In this paper, based on firstprinciples calculations, we systematically investigate the mechanical response to uniaxial strain of a class of 2D honeycomb structures (graphene, silicene, hBN, hGaN, hSiC, and hBAs). By applying uniaxial strain along the zigzag and armchair directions, respectively, it is found the NPR emerges in all the six 2D materials, but only with the strain applied along the armchair direction. The honeycomb structure with emerged NPR is distinct from all other known auxetic materials. By analyzing the evolution of key geometry parameters (bond length and angle) with strain increasing, it is found that the emerged NPR is due to the anomalous increase of bond angle, which, however, cannot be explained in the traditional point of view of the geometry structure and mechanical response. Deep understanding on the counterintuitive increase of bond angle is achieved from a fundamental view of electronic structure based on the analysis of orbital pDOS beyond the mechanical analysis. Our study on the NPR in the class of 2D honeycomb materials deepens the understanding on the origins of NPR, which would shed light on the advanced design of modern nanoscale electromechanical devices.
Results
Mechanical properties
Figure 1 shows the response of driven strain, stress, and energy change per atom to the applied strains for the six 2D materials of graphene, silicene, hBN, hGaN, hSiC, and hBAs. When the uniaxial strains are applied along the zigzag and armchair directions, respectively, the mechanical response is anisotropic for all the six 2D materials. The stress is scaled by substituting the thickness including vacuum space with the effective layer thickness (graphene: 3.5 Å; silicene: 4.65 Å; hBN: 3.1 Å; hGaN: 3.74 Å; hSiC: 4.2 Å; hBAs:3.7 Å) based on the atomic van der Waals diameters^{27,28,29,30,31}.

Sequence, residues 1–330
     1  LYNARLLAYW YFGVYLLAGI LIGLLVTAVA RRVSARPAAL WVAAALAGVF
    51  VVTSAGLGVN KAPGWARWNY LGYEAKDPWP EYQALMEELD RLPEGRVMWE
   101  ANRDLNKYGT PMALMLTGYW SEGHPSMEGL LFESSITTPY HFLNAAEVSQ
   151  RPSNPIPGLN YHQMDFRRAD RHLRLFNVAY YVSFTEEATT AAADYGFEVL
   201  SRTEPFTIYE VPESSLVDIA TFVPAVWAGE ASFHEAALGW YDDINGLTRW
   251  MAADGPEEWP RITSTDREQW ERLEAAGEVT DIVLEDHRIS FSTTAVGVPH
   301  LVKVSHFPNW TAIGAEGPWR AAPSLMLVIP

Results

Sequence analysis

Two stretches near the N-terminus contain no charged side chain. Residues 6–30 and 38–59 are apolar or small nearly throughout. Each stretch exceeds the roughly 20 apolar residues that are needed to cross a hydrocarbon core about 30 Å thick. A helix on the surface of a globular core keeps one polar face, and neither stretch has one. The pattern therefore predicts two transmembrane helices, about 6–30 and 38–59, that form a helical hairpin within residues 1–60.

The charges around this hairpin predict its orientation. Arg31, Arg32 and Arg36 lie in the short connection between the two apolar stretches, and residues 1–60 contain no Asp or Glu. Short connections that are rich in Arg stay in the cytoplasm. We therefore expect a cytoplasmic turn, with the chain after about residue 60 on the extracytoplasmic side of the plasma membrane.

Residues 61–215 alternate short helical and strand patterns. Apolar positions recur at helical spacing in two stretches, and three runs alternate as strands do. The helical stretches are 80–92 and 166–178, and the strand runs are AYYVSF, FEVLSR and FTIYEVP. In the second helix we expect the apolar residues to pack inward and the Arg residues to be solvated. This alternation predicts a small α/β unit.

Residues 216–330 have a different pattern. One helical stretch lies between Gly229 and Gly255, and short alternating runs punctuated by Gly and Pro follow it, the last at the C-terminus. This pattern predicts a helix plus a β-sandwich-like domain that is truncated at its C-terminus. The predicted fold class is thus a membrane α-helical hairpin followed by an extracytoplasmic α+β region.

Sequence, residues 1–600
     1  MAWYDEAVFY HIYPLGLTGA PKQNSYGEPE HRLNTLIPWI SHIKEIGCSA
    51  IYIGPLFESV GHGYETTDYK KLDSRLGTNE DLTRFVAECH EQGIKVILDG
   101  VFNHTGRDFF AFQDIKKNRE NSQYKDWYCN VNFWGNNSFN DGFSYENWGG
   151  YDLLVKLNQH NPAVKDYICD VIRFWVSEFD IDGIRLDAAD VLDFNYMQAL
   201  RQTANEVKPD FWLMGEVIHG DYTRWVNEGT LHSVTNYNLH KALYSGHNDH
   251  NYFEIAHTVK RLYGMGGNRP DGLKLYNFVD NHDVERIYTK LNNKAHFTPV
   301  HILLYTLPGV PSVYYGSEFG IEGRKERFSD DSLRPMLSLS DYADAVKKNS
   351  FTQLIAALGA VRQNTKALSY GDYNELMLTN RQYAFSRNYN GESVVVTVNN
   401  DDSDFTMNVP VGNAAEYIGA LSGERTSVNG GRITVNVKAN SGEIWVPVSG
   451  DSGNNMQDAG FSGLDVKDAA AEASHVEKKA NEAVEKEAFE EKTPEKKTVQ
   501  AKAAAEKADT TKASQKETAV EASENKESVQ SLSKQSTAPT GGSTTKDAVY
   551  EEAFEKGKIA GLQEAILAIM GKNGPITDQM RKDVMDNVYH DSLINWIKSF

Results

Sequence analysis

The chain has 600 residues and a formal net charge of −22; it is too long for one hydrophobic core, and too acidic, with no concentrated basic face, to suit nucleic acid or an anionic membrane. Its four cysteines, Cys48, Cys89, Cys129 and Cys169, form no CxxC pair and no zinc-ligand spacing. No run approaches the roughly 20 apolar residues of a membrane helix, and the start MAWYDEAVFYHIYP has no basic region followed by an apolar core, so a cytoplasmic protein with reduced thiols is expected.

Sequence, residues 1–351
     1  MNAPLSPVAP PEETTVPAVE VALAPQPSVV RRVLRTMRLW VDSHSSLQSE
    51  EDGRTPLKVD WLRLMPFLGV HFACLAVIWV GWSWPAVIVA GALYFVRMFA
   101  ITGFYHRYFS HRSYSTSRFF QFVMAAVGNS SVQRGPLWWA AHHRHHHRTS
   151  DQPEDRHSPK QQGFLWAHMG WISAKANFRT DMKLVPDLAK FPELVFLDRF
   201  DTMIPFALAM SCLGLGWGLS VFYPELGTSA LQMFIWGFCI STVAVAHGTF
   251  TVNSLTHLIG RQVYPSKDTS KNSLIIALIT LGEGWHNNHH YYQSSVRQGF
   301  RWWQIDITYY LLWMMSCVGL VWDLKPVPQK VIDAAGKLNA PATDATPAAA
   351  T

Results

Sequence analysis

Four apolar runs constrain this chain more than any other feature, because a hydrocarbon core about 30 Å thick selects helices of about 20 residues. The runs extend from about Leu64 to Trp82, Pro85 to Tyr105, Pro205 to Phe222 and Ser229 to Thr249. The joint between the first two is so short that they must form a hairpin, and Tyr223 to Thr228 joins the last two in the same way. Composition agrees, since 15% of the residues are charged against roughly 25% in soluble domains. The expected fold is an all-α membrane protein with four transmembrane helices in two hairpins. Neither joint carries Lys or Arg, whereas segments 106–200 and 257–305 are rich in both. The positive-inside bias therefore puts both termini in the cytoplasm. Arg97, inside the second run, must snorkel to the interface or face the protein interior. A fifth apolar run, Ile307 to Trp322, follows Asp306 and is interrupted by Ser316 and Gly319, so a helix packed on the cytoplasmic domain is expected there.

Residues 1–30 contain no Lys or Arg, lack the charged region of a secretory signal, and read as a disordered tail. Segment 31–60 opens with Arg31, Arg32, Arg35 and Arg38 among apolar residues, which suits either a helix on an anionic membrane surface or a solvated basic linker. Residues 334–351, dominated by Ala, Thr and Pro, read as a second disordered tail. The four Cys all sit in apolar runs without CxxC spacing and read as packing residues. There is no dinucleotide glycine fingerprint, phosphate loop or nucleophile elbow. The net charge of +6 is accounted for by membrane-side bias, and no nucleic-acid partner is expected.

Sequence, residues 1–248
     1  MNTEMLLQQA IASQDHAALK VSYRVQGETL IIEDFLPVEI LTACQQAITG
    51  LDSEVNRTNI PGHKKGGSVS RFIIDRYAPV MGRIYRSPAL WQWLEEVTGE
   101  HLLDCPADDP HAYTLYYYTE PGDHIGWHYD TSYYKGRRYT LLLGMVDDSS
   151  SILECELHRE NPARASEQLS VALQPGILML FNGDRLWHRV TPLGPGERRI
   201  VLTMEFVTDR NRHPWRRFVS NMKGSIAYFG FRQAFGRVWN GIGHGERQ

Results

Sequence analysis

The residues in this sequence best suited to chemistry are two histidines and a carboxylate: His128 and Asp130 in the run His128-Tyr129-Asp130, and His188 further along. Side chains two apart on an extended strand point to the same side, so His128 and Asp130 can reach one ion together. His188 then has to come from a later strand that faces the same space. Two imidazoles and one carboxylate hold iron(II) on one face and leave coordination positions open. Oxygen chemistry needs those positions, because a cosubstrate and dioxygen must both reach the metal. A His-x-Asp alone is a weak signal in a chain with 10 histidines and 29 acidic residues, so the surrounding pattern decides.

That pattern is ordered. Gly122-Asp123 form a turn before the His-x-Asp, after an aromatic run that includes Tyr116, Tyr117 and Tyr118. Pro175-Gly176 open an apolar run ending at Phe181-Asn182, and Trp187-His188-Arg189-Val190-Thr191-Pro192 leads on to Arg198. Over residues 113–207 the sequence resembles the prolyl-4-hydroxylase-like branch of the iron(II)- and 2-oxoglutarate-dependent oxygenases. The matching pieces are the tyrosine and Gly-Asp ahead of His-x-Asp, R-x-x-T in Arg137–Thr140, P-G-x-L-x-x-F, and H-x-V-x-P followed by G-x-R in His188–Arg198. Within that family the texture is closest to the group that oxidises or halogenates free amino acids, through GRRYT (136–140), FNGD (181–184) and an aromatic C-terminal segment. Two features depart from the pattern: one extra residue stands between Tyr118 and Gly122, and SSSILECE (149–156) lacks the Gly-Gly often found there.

Generally, the lattice constant along one direction decreases when the tensile strain is applied along other orthogonal directions. However, in graphene, the lattice constants along both the zigzag and the armchair directions simultaneously increase with large uniaxial tensile strains applied along either the zigzag (Fig. 1a) or the armchair (Fig. 1d) directions. While for silicene, hBN, hGaN, hSiC, and hBAs, the simultaneous increase of the lattice constants is only found when large uniaxial tensile strains are applied along the armchair direction, as shown in Fig. 1d. The simultaneous increase of the lattice constants with uniaxial strain applied is anomalous for its derived NPR. Note that the simultaneous increase of the lattice constants for silicene is very small compared to graphene, hBN, hGaN, hSiC, and hBAs, which might be due to the effect of its buckling structure.
With much larger strains applied, the structures fail, which is revealed by the mutation of lattice constants (Fig. 1a, d). The corresponding abrupt decreases of stress (Fig. 1b, e) and energy change per atom (Fig. 1c, f) also reveal the failure of the structure at very large strains, and the failure points are consistent with each other, respectively (see Supplementary Note 1 for more information). The situation for hGaN, hSiC, and hBAs is special compared to the other three 2D materials that their structures never fail when the uniaxial strain is applied along the armchair direction, which might be due to the strongly polarized bonds^{29,31,32}.
Negative Poisson’s ratio
The Poisson’s ratio is defined as^{22}
where \(\epsilon _1\) is the driven strain due to the applied strain (\(\epsilon _2\)). Since remarkable NPR only arise with uniaxial strain applied along the armchair direction as indicated in Fig. 1a, d, we extract the Poisson’s ratio in Fig. 2 for the six 2D materials with strains applied along the armchair direction based on the results as shown in Fig. 1d. Certainly, we only consider the cases with strain smaller than the failure points.